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we're about to find out what it's like to be attacked by a shark and survive. 16-year-old hunter treschl is lucky to be alive tonight. just four weeks ago he was attacked by a shark off north carolina's coast where he was vacationing. you may have seen the coverage. quick thinking bystanders kept hunter from bleeding to death until emts could reach him.
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he survived but lost his left hand below the shoulder. worst of all he was left handed so that makes the recovery more difficult. hunter is a fighter and an optimist. i visit mim in colorado a few days ago. he was an amazing young man. he shared the details of the attack and maw close he came to dieing. >> my cousin grandma and i had been on the beach and were playing in the sand. i went in to wash off the sand and get ready to go home. >> how deep were you? >> waist deep two or three feet. >> you weren't swimming basically waded into the water? >> i weight waded into the water, up to here crouched down getting the sounds off. >> when is the first time you realized something was near you or going on? >> right, i took one more step forward and then i felt something big move against my ankles and the calves and i was like i'm getting out of here. >> you actually felt it under water. >> yeah i was like i'm out, and
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i was backing off and it bit my arm. i think my hand was still in the water a little bit. it grabbed that and climbed its way up. >> it jumped out of the water to get you. >> it was out of the water when it was on my arm. >> you looked down and it was on your arm. >> that's all i remember seeing of the shark, the top of the head. >> how big was it. >> my cousin was close to me and said it looked like six, seven, eight feet. hefty. >> was it holding onto you. >> for a while. and then it slid off and took my arm with night was there pain? >> not at the time, no. like it felt cold. like there was pain but nothing like you would expect. >> hunter made it back onto the beach but he was losing massive amounts of blood. witnesses describe blood red waves washing ashore. >> he just got his arm bit off. >> are you with the person now? >> my husband is. he has it wrapds up in a towel as tight as he can.
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>> did you realize it had taken the arm? >> oh, yeah i realized. because people were freaking out and i'm lying on the beach and my arm is elevated like this. and it was like oh, it was bleeding a lot and there was bone sticking out. so yeah, i didn't really want to look at it. >> one man tied on a tourniquet before paramedics arrived. the heroics of strangers bought him some time but didn't completely stop the blood loss. >> there is a major artery in the arm that had been severed. >> were you worried at that point about losing so much blood that you could die. >> yes at that point i was. i pestered one of the emts about that for two and a half minutes. >> meaning aim going to day? >> she was like you are going to be fine. i was like man you are just trained to say that. >> he had no idea he was actually the second shark attack victim on that stretch of beach. 90 minutes earlier, 12-year-old
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krir ten yao was bitten in swallow waters two miles away. >> the left arm is completely missing and also a bite to the left leg, weak pulse. >> reporter: this chopper was sent in to air lift kiersten to the hospital. hunter saw it fly overhead 90 minutes before he was bitten and never thought it could be for a shark attack victim or that he would soon suffer the same fate. both lost an arm but both survived. good. >> i'm getting better. >> just a month after the attack hunter is fighting forlg his old life back. he will eventually get a prosthetic limb but has to wait until his wound is healed. the shark took his dominant arm so he has to learn to do everything over again. from his beloved frisbee to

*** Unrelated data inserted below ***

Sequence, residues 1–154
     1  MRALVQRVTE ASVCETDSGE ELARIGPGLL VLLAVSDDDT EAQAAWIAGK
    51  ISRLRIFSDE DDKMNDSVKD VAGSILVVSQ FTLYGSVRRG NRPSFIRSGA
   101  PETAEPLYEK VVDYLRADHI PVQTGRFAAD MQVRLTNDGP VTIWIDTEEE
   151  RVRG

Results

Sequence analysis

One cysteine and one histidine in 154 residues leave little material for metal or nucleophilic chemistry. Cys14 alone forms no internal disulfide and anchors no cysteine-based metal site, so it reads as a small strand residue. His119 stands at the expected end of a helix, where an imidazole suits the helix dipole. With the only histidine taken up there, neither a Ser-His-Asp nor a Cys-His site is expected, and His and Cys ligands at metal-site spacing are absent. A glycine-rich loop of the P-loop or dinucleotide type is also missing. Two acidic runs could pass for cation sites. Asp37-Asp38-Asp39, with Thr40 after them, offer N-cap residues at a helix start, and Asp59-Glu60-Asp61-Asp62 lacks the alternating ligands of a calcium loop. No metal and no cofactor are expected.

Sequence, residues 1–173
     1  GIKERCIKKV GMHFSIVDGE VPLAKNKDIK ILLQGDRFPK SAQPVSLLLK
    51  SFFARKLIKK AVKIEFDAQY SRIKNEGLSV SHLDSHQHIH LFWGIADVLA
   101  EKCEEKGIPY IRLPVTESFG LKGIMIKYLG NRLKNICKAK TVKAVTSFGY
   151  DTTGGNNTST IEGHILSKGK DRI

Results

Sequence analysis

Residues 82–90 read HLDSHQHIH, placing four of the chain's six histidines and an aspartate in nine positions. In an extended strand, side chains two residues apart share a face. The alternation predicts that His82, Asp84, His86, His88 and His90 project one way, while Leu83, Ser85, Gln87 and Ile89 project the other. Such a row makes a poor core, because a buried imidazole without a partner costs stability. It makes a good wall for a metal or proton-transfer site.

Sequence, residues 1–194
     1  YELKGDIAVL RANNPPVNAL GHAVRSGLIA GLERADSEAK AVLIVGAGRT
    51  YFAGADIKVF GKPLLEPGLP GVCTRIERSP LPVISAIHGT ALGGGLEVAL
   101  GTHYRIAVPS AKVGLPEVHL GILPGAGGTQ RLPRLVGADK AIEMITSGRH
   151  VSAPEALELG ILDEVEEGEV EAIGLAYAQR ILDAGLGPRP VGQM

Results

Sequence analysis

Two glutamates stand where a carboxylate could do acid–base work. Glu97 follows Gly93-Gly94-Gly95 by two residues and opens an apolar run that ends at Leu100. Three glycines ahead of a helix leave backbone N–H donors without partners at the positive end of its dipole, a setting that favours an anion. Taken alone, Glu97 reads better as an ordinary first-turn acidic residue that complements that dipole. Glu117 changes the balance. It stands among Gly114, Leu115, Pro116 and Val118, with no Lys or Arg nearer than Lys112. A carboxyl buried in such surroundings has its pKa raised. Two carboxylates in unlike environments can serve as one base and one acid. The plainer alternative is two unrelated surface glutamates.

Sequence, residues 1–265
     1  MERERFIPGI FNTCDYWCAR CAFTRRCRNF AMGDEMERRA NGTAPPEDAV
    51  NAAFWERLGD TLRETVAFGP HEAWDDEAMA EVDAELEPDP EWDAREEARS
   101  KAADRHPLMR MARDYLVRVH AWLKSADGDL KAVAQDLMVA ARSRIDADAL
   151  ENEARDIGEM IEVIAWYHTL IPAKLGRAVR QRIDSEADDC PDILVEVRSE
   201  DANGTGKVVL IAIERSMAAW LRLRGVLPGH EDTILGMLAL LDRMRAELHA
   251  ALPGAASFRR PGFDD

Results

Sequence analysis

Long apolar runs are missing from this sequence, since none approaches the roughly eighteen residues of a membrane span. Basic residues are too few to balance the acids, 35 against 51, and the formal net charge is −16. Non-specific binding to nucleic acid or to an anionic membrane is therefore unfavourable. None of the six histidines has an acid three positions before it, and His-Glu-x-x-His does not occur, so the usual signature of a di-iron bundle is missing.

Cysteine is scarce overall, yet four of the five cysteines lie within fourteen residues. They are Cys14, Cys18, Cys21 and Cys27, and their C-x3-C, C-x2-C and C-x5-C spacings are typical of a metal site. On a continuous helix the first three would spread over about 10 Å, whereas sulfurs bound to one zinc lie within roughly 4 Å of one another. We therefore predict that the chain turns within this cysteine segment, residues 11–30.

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practicing for his driver's test. he can still play video games but now uses the foot pedal. hunter is determined not to let this shark attack slow him down. >> beforehand, i had dreams and aspirations of what i wanted to do with my life. there is no reason that should change after losing an arm really. so it's strange to think that people would forget everything they wanted to do beforehand and mope and let down. >> it would be understandable to mope. >> it would be but i've never been the type to get down about things. >> do you find your balance affected at all. >> a little bit but it's not as bad as you might think. >> never to get down about things including the animal that took his arm. does it change the way you think about sharks? >> not really. they are the top of the food chain in the ocean and humans are not used to being below anything on the food chain. it's just it is what it is. >> would you go swimming again in the ocean? >> yes.
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>> you would. >> yeah. i just happened to be in the wrong place at the wrong time. >> because a lot of people would -- i don't know probably want to kill sharks or hate sharks or -- >> yeah yeah. i ber better chances of winning the lottery than being bitten by a shark. >> maybe you should play the lottery. >> i did a krach off when i got back. didn't win. unfortunately. >> a friend and a former teacher of hunter's set up a go fund me page. you can imagine the bills are piling up. if you want to help, go to go fund slash hunters recovery. we have a link to it on our show blog at "ac 360".com. that does it for us:
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the iran flush nuclear talks. and el chapo, mexican authorities need help capturing him. more severe weather is on the way in parts of the u.s. a massive welcome to our viewers in the united states and all around the world. thank you so much for joining us. i'm zain asher. >> i'm max foster. this is